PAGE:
The confrontations between police and demonstrators at the Stonewall Inn in New York City the weekend of June 27-29, 1969 mark the beginning of the modern glbtq movement for equal rights.
Formed soon after the Stonewall Riots of 1969, the short-lived but influential Gay Liberation Front brought a new militancy to the movement that became known as gay liberation.
The sexual revolution of post-World War II America changed sexual and gender roles profoundly.
"Leather" is a blanket term for a large array of sexual preferences, identities, relationship structures, and social organizations loosely tied together by the thread of what is conventionally understood as sadomasochistic sex.
Although best known for her crusade for women's suffrage, Susan B. Anthony spoke out on a range of feminist issues.
With reports from hundreds of sub-Saharan African locales of male-male sexual relations and from about fifty of female-female sexual relations, it is clear that same-sex sexual relations existed in traditional African societies, though varying in forms and in the degree of public acceptance
Androgyny, a psychological blending of gender traits, has long been embraced by strong women, soft men, members of queer communities, and others who do not easily fit into traditionally defined gender categories.
A cultural crossroads between Asia and Europe, Russia has a long, rich, and often violent heritage of varied influences and stark confrontations in regard to its patterns of same-sex love.
In response to the media saturation coverage of Jason Collins's coming out, and the prominence of news stories about marriage equality and other glbtq issues, a frequent complaint from heterosexuals is that we should just shut up about being gay. The theory is that if homosexuality were not so much in the news, there would be less opposition. In a powerful column in the New York Times, Frank Bruni explains why we must keep speaking out and tells us when we will be able to just shut up.
Bruni begins by observing that Collins is the "perfect" trailblazer, given his education, connections, values, and eloquence, to say nothing of the fact that "he's strapping even by the brawny standards of the National Basketball Association, and his designated role on the court, as a human roadblock against the most physically imposing opponents, is an aggressive one."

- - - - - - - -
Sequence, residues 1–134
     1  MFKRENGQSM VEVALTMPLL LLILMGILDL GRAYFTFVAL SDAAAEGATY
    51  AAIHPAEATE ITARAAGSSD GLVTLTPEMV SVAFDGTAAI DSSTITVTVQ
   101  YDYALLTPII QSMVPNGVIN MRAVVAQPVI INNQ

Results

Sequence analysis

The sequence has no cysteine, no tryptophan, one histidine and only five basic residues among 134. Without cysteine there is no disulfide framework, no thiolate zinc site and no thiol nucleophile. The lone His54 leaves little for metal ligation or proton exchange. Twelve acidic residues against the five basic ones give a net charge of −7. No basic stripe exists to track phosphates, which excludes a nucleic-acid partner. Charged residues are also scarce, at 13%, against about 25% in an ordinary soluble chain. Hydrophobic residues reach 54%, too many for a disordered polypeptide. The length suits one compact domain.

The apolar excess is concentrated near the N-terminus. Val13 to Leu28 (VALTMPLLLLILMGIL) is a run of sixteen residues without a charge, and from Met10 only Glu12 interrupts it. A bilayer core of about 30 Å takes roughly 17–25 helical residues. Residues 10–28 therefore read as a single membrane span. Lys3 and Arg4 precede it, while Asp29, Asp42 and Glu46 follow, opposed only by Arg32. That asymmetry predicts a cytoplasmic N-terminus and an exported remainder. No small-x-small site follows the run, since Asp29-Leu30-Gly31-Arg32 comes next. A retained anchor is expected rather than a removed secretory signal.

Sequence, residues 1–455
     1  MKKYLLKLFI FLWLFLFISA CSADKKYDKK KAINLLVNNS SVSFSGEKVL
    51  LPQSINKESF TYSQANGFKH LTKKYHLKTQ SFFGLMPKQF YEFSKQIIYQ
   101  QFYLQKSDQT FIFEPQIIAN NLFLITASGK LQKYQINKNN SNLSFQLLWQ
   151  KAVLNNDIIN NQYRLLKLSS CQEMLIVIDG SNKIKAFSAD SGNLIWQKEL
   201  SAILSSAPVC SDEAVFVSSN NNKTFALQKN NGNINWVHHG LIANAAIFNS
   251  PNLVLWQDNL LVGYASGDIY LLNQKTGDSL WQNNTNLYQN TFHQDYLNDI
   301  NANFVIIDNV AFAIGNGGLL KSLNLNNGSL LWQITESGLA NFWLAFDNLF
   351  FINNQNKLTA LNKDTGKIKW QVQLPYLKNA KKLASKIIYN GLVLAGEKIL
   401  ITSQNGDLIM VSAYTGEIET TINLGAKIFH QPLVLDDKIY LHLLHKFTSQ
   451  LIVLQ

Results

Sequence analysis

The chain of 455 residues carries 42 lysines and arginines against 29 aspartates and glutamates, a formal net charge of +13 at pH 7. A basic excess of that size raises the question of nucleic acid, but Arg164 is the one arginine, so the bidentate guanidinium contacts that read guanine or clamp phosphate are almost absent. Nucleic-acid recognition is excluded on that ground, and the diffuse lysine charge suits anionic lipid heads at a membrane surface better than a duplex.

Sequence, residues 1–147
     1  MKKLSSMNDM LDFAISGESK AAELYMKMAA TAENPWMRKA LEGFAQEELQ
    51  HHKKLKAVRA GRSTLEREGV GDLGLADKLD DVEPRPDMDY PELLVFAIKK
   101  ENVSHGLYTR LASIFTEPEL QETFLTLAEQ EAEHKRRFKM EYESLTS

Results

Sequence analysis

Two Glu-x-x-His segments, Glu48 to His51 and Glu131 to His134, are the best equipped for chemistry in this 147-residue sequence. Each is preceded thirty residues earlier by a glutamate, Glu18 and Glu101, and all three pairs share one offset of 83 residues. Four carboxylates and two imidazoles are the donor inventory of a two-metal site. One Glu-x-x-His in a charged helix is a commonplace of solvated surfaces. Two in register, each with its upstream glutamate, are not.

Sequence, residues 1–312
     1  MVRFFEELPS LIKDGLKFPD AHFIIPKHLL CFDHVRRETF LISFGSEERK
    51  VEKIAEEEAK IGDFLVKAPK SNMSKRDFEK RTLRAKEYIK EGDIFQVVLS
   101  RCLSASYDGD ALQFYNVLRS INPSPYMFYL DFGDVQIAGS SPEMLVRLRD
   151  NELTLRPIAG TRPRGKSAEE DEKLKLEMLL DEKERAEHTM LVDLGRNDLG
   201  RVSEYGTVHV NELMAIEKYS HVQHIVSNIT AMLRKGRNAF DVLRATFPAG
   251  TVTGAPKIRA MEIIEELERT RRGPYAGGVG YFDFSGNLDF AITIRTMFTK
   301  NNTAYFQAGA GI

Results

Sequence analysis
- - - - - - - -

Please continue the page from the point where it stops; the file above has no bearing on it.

But he is most struck by the opening paragraph in Collins's Sports Illustrated coming out story, "I'm a 34-year-old N.B.A. center. I'm black. And I'm gay." As Bruni observes, Collins's homosexuality is presented simply as a detail, along with his age, profession, and race, rather than as the sum total of who he is, even as the purpose of the story is to clarify who he is.
"That's the integrated way that things should be," Bruni writes, "the unremarkable way a person's sexual orientation ought to be lived and perceived. And that's precisely what Collins and his fellow trailblazers are trying to move us toward: not a constant discussion of the rightful place and treatment of L.G.B.T. people in America, but an America in which the discussion is no longer necessary. He's letting us focus on his gayness precisely so we can focus less on others' down the road."
Bruni acknowledges that some question why so much attention is being lavished on Collins for coming out and that many believe we make too much "fuss" about being gay or lesbian. He notes that his readers routinely tell him that they would be "less bothered by homosexuals if we'd just please shut up about it."
In response, he says we'd also like to be able to shut up and that we will gladly shut up someday when . . .
"when a gay, lesbian or transgendered kid isn't at special risk of being brutalized or committing suicide. When the federal government outlaws discrimination against people based on sexual orientation . . . ."
"When immigration laws give same-sex couples the same consideration that they do heterosexual ones. When the Defense of Marriage Act crumbles and our committed relationships aren't relegated to a lesser status, a diminished dignity."
"When a Rutgers coach doesn't determine that the aptly ugly garnish for hurling basketballs at his players' heads is the slur 'faggot.' When professional football scouts don't try to ascertain that potential recruits are straight."
"When an athlete like Collins can be honest about himself without he and his co-author having to stress that he's a guy's guy, a godly man, someone who stayed mum about himself before now precisely so he wouldn't disrupt his teams or upset his teammates, someone who's inhabited locker rooms for 12 seasons already without incident."
"When a gay person's central-casting earnestness and eloquence aren't noted with excitement and relief, because his or her sexual orientation needn't be accompanied by a litany of virtues and accomplishments in order for bigotry to be toppled and a negative reaction to be overcome."
"When being gay doesn't warrant a magazine cover or a phone call from the president, any more than being 34 or being black does."
Then, maybe, then we can shut up about being gay, lesbian, bisexual, transgender, or queer.
Jason Collins's courageous coming forward helps speed us on the way toward a time when being gay even in the National Basketball Association will be no more newsworthy than learning that a ballet dancer or a fashion designer is gay.
In the video below, Jason Collins discusses his coming out with George Stephanopoulis on Good Morning America.
In the following video, Ellen DeGeneres applauds Jason Collins and promises to "hug his knees."